Fake Figures (ex members of Atreyu, Hotwire and Scars of Tomorrow) is a rock n’ roll group full of extreme doses of spite and sensationalism. The band’s upcoming February release, They Must Be Destroyed, is an explosion of hardcore and punk infusion set to impress fans new and old. The band are riding a wave of anti-climatic momentum as the release date for They Must Be Destroyed closes in. Vocalist Rus Martin and guitarist Travis Miguel sat down with Substream to chat about the new record, label independence, what fans can expect in 2014 and much more:
Substream Magazine: You guys have a lot of experience from different acts coming into Fake Figures. How does that work with the dynamic of the band?
Rus Martin: It really seems to be an advantage at times. When we’re writing music, discussing set lists, things like that; we’re used to all the elements of being in a band. But the disadvantages are probably using the comfort zones we’ve developed from all that experience and using it to rest upon when writing, or whatever. Sometimes you just don’t want to break the limits. I like when the limits break me, actually. In fact, it’s kinda like when I expect to see the movie Airplane and the TV decides, for me, to watch a re-run of King of Queens.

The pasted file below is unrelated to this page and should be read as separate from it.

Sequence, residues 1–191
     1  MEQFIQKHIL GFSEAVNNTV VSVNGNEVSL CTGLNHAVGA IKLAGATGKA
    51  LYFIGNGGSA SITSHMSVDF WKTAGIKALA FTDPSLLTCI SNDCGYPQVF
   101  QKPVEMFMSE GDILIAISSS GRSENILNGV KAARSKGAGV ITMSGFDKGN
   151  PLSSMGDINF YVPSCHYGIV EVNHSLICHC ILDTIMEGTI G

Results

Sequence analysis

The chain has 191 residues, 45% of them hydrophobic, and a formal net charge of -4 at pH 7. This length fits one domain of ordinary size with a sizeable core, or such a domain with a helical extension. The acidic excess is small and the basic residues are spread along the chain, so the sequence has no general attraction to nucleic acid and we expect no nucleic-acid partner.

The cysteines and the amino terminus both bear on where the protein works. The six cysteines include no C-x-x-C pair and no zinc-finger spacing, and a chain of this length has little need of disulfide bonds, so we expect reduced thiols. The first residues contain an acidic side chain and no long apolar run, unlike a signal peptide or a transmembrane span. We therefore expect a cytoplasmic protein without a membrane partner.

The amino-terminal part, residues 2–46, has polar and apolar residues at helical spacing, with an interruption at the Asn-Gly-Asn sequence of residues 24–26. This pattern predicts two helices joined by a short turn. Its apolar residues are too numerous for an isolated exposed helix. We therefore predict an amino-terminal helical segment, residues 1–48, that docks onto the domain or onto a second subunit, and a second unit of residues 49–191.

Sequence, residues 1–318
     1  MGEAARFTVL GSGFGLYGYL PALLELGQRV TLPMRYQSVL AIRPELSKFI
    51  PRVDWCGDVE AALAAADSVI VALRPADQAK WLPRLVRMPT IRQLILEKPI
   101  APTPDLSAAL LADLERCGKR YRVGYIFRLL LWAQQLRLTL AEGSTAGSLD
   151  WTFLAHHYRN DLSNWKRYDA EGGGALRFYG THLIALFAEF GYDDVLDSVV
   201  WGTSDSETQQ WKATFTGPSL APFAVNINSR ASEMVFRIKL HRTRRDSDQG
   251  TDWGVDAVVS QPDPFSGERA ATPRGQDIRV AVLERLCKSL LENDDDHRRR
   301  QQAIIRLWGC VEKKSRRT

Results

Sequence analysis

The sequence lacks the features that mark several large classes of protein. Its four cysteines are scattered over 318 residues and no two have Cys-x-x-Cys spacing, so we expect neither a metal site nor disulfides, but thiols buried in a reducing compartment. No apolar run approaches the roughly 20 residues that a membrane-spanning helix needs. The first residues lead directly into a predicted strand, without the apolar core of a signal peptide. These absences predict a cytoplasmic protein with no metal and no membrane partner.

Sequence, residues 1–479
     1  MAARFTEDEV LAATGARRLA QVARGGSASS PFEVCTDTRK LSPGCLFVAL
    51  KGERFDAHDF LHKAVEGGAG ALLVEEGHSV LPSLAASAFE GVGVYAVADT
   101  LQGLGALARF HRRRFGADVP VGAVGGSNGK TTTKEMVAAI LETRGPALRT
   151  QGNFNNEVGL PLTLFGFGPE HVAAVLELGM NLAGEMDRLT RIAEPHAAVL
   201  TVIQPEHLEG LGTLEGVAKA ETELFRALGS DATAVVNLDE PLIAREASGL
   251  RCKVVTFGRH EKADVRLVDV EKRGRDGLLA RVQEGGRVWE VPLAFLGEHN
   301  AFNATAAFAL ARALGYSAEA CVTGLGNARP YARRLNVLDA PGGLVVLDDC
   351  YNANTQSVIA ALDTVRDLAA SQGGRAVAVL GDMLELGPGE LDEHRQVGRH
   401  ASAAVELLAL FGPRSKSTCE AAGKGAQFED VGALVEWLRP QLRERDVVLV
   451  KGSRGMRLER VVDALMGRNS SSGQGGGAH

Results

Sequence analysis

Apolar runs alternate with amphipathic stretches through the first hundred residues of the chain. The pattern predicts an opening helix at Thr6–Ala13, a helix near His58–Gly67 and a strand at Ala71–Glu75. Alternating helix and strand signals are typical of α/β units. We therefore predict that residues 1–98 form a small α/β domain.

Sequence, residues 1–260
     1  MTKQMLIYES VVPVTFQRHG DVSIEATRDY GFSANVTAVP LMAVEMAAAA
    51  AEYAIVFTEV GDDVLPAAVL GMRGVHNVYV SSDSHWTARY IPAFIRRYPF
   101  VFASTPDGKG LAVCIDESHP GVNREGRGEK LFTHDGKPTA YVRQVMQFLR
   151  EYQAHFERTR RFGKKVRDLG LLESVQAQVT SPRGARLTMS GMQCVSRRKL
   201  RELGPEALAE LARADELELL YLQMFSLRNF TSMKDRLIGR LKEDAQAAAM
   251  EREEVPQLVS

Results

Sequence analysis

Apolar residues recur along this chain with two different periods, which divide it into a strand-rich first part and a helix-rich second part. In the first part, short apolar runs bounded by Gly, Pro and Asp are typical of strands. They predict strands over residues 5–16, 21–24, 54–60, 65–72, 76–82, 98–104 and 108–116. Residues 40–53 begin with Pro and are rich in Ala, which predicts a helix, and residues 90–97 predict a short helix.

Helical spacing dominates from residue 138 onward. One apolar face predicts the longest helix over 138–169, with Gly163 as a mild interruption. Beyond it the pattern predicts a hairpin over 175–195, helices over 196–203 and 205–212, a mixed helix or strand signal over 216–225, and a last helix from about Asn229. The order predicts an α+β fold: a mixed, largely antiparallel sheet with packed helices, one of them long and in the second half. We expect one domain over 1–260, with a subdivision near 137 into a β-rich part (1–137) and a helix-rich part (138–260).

Travis Miguel: We’ve all been playing music for most of our lives and have written, recorded and toured extensively. This ain’t our first rodeo, so to speak, and I think that makes the progression of the band go way more smoothly.
SM: The new EP is coming next month. What are we to expect with this release?
RM: Six world-changing songs that will forever alter the face of rock music, some fantastic artwork, and a couple of videos.
TM: Basically, after listening, your earholes will get pregnant and bad decisions will seem like good ones.
SM: You recently dropped another new track, “Sit and Burn.” How has the response been on this number?
RM: Oh, seriously sweet. We are actually Gods to the all people who have heard it. Let me tell you something: it’s been a wild ride since we first started this band. And now that we’re at the top we’re never gonna stop rocking people’s faces off.
TM: So far, so good. I’ve always tried to refrain from reading reviews or comments because I admit, I morbidly tend to hone in on the negative ones. But from what I’ve seen, most people are digging it.
SM: How will this record differ from what we heard in the first release?
RM: It’s going to wake people up…who fell asleep from our last record. For the ones that WERE awake, prepare for your ears to melt. I wanna tell you something, okay? This is going to be an extraordinary moment for us, because we’ve really worked hard at creating this EP. The songs took a life of their own after we jammed down with Beau Burchell. Talk about extraordinary, great guy. Great work ethic and skill. I endorse him, LinkedIn style.